I begin with memory, with moments. Something I wonder about, something I don’t understand. And then I check out everything I can check out. I Google. I go through old photographs. I interview people. I go through records, documents. One of the first rules of journalism is “If your mother says she loves you, check it out.” You have to find two separate streams of information, two separate sources, to prove that your own mother loves you. And so it goes.  The things I can’t check through research, I do my best with them. I try to be as honest and true as I can. I know memory is a slippery thing. Or slippy thing, if you’re a Pittsburgher. I do what I can with what I have. Then I try to live with that.

What are the upsides and downsides of being an author?

There is nothing I’d rather do than write. There’s nothing harder to find space for in life than writing.  It’s hard to carve space for anything artistic in our world. Harry Crews, one of my favorite writers, used to say that the world doesn’t want you to write. The world wants you to go to the zoo and eat cotton candy all day. I think it’s hard to justify the time and effort writing takes. It’s hard to say no to cotton candy, the zoo, time with beautiful friends and neighbors, etc. in the name of writing. But it’s essential.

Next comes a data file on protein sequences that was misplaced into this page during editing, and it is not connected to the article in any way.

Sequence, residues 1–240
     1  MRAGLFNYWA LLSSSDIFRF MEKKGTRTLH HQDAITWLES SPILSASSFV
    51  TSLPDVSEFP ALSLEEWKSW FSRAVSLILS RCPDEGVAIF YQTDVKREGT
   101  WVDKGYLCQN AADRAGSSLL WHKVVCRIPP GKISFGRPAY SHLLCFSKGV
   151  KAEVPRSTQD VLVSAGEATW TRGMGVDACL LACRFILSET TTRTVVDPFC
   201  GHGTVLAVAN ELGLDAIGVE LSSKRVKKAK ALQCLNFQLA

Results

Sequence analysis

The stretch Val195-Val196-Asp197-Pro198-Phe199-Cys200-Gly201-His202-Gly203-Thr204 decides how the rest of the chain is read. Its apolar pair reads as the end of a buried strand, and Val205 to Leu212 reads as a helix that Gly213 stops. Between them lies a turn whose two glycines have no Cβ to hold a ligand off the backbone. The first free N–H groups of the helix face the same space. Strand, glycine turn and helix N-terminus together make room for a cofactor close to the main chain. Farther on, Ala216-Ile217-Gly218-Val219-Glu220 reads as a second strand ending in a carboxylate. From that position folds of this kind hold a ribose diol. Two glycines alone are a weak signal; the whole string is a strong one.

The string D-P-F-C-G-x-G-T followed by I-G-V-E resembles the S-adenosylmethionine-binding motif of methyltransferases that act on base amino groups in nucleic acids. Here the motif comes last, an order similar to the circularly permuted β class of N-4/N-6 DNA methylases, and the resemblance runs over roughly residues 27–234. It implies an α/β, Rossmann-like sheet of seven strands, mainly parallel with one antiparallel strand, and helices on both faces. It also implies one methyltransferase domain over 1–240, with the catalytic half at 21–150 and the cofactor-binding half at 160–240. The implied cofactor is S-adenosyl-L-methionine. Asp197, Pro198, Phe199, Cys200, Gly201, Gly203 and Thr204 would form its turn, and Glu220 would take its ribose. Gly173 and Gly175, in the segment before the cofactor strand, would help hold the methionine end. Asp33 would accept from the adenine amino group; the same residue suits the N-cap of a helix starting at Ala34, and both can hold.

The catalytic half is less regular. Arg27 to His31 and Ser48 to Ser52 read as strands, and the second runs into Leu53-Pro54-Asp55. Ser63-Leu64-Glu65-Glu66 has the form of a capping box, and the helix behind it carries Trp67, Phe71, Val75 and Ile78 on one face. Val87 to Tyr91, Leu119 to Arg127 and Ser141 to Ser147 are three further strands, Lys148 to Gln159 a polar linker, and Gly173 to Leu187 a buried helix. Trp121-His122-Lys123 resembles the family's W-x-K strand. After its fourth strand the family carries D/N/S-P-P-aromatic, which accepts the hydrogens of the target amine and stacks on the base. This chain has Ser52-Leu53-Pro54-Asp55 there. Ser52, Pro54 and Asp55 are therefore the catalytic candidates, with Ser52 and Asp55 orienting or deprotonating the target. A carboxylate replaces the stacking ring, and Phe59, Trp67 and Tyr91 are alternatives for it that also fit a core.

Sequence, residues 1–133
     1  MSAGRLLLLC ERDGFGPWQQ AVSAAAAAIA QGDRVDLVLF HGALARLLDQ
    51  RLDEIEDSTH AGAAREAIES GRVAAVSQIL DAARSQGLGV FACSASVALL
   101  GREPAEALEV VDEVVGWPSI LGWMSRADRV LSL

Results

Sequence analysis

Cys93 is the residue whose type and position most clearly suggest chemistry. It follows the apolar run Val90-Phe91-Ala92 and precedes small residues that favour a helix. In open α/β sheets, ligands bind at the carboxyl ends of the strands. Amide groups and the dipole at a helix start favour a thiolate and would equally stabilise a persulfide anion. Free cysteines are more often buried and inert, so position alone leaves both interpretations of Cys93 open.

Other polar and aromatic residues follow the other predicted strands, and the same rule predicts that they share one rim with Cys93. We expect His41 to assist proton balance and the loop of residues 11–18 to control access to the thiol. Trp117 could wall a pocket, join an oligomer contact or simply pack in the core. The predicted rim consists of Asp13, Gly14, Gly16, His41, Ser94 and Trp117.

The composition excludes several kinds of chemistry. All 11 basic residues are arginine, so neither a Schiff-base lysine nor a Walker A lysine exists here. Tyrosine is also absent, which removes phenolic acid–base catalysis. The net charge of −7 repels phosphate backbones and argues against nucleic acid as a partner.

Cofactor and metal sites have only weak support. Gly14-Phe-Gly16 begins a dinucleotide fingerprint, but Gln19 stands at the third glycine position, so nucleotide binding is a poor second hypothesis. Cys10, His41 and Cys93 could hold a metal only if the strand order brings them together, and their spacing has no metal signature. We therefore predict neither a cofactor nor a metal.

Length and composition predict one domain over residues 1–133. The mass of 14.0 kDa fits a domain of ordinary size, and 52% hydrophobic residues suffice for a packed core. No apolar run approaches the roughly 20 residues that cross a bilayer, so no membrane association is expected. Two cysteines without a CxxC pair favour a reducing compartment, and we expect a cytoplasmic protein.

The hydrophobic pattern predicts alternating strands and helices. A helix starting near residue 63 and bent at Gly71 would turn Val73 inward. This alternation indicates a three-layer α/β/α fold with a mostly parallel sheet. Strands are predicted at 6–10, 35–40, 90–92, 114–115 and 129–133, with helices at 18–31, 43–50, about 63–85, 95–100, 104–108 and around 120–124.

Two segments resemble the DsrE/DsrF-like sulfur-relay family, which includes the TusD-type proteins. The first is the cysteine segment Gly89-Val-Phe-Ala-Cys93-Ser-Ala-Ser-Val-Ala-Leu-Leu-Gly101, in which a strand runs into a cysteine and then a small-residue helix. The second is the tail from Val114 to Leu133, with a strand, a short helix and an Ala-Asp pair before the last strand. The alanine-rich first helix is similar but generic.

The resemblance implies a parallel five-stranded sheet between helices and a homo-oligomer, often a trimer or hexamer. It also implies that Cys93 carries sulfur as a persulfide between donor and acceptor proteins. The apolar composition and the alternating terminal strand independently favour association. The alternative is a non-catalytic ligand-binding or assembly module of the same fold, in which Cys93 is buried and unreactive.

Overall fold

I’m a miserable person if I’m not writing. I consider writing a kind of public service. It makes me an easier person to be around.

What is your favorite part about the writing/publishing process?

I like revising a lot. Pulling something solid out of the fog. Finding a shape to things.  Understanding something that seemed impossible to understand. That’s cool.

Because your memoirs are based on real life events, is there a process of permissions you must get before being able to publish?

No, but I do try to clear things with people who are closest to me. I want the people I love to stay with me in this life. People who aren’t close to me, I try to handle their stories as delicately as I can. I try to take only what I need. I follow the basic rules: don’t write things that aren’t true, don’t write out of malice. That’s important.